Having already sprung up in several cities in Europe and France they have just made their appearance in Paris.   The capital’s first community fridges are an excellent symbol of charitable initiatives to prevent food waste and establish a new sharing economy.

We have already mentioned in the past how Food Tech, with applications such as Optimiam or Too Good to go, could help everyone to limit food waste, with a win/win system for users. Today a new city initiative has made its appearance that does not require the skills of a developer or the use of a smartphone.   It is based on a really simple idea: putting a self-service fridge in the street.  In the 18th district of Paris, an association called Le Carillon and the Cantine restaurant in the same district, have introduced the community fridge initiative.

This encouragement to share food may prove useful, given that a French person wastes an average of 137 kg of food a year. Or one English person throws away the equivalent of 9 pounds of food every week.


Incidentally, the French capital was lagging behind as these community fridges have existed in Germany since 2012. The United Kingdom, Belgium and Spain have also had community fridges since 2014, using crowd-funding platforms to finance the logistics side, in particular.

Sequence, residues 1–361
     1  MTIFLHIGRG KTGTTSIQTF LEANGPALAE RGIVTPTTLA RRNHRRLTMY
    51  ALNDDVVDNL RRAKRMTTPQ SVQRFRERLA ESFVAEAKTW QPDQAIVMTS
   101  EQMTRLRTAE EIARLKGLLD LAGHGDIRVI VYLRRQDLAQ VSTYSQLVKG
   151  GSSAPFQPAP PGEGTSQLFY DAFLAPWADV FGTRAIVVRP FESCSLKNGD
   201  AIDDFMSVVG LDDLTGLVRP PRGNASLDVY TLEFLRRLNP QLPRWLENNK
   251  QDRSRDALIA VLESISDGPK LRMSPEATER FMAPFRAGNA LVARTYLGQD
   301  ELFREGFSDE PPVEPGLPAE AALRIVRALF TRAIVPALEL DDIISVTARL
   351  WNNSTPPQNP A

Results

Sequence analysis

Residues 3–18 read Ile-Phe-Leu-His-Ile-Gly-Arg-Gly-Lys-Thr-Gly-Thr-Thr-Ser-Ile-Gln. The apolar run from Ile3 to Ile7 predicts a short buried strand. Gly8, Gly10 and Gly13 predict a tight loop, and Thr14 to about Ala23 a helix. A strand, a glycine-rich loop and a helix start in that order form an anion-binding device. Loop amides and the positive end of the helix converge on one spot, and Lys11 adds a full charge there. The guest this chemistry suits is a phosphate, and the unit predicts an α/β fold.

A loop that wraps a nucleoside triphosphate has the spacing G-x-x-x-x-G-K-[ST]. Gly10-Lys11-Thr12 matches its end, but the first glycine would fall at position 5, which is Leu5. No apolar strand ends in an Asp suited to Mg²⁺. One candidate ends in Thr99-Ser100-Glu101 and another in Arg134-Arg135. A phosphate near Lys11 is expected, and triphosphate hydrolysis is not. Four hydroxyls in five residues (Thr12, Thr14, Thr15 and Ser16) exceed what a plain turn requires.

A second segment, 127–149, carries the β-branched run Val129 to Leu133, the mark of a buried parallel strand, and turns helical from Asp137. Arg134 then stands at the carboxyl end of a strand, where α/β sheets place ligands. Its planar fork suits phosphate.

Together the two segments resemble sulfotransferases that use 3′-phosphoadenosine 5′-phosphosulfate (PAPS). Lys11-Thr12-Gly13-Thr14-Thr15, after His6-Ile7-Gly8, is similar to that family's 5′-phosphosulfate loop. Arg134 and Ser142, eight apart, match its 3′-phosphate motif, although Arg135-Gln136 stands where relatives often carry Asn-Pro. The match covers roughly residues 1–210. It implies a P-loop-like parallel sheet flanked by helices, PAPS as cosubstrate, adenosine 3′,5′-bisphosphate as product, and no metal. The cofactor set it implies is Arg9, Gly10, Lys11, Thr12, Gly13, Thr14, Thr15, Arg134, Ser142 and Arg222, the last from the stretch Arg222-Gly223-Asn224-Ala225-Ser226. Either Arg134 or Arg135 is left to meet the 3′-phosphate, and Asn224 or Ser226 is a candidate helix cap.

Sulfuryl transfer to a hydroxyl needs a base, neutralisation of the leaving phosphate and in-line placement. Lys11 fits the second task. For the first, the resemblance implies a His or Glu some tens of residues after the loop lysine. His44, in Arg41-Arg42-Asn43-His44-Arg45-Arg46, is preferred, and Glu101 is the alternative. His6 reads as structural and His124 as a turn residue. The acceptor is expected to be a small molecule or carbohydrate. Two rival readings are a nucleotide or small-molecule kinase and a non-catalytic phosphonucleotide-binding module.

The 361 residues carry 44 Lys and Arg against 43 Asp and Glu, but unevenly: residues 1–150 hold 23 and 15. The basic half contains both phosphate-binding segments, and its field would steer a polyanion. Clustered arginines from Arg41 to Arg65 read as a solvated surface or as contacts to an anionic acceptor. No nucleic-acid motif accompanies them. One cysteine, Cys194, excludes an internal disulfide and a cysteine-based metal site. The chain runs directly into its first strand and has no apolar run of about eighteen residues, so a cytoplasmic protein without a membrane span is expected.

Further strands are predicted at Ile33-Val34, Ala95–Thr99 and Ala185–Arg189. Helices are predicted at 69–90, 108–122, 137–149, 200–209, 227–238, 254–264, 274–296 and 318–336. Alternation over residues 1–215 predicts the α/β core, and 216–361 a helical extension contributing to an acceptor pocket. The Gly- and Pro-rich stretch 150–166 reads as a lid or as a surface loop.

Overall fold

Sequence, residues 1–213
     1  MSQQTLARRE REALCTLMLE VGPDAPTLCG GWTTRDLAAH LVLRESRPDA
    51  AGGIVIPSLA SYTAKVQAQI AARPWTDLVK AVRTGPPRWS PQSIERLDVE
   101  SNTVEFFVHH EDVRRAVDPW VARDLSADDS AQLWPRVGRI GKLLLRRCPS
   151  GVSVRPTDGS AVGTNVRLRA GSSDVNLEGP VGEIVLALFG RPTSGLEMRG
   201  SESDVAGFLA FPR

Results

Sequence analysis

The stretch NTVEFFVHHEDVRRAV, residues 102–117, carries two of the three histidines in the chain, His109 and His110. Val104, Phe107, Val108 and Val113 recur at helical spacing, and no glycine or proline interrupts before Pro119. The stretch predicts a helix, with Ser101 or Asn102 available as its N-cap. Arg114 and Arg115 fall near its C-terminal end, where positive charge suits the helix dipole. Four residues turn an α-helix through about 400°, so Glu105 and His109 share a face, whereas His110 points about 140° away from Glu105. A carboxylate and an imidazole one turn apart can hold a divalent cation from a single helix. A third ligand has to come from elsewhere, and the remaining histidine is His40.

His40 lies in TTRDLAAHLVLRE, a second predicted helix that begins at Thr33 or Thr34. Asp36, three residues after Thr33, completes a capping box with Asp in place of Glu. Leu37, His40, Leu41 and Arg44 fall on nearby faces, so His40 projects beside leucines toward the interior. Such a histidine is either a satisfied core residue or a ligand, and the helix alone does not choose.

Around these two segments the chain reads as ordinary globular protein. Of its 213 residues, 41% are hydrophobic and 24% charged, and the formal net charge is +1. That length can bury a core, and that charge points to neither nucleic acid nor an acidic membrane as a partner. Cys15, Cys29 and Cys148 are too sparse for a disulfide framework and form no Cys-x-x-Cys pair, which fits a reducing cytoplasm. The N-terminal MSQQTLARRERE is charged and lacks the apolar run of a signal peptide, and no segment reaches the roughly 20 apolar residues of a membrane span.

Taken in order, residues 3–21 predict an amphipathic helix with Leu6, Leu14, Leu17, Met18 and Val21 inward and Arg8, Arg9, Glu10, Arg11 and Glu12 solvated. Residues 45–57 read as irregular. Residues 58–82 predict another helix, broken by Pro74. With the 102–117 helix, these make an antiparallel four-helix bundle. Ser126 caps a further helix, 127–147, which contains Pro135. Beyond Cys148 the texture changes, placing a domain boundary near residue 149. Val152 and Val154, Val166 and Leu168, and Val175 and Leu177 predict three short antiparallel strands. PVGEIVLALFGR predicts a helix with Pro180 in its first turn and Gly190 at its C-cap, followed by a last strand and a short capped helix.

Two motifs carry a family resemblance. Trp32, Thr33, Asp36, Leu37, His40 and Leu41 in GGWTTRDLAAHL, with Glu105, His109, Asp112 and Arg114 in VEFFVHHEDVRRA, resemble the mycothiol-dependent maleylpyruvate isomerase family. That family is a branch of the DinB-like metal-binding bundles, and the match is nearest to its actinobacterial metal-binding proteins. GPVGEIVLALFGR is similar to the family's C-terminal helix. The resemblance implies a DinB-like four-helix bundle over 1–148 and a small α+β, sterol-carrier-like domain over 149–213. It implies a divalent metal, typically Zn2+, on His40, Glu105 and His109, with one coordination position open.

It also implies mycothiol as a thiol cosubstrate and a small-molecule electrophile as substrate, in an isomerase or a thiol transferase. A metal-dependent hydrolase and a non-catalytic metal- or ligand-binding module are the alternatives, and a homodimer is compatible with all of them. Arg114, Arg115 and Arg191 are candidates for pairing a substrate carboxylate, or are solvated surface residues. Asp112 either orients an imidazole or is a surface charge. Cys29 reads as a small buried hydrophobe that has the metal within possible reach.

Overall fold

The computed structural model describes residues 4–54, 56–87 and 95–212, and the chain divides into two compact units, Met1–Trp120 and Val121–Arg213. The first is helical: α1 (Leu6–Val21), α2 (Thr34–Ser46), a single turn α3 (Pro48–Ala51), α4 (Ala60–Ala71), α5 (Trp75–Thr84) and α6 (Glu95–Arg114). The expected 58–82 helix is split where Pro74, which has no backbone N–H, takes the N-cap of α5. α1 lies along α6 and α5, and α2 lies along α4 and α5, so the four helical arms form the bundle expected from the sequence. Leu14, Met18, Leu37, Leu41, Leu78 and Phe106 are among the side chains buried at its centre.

Whether called Lebensmitterlretter in Germany, community fridges in London or neveras solidarias in Galdakao, the systems work the same: anyone can put food in and anyone can take it out.

Since they were first introduced in Berlin, more than 10,000 volunteers throughout the country go the rounds of over a thousand partner supermarkets and other shops and restaurants.   In the United Kingdom, Chef Jamie Oliver, well known for his commitment to a food revolution, gladly volunteers to go out and launch community fridges.

Unlike food banks that can only distribute non-perishable products, the advantage is that dairy products, fruit and vegetables or meat that can still be consumed are available to people who cannot afford a balanced, varied diet. This also concerns people who are suffering from hunger.


Community fridges are therefore a new sort of urban furniture that is creating a social link between various sectors of the population, at the same time, enabling the general public and public and private stakeholders to keep in mind the challenges to be taken up to combat food waste.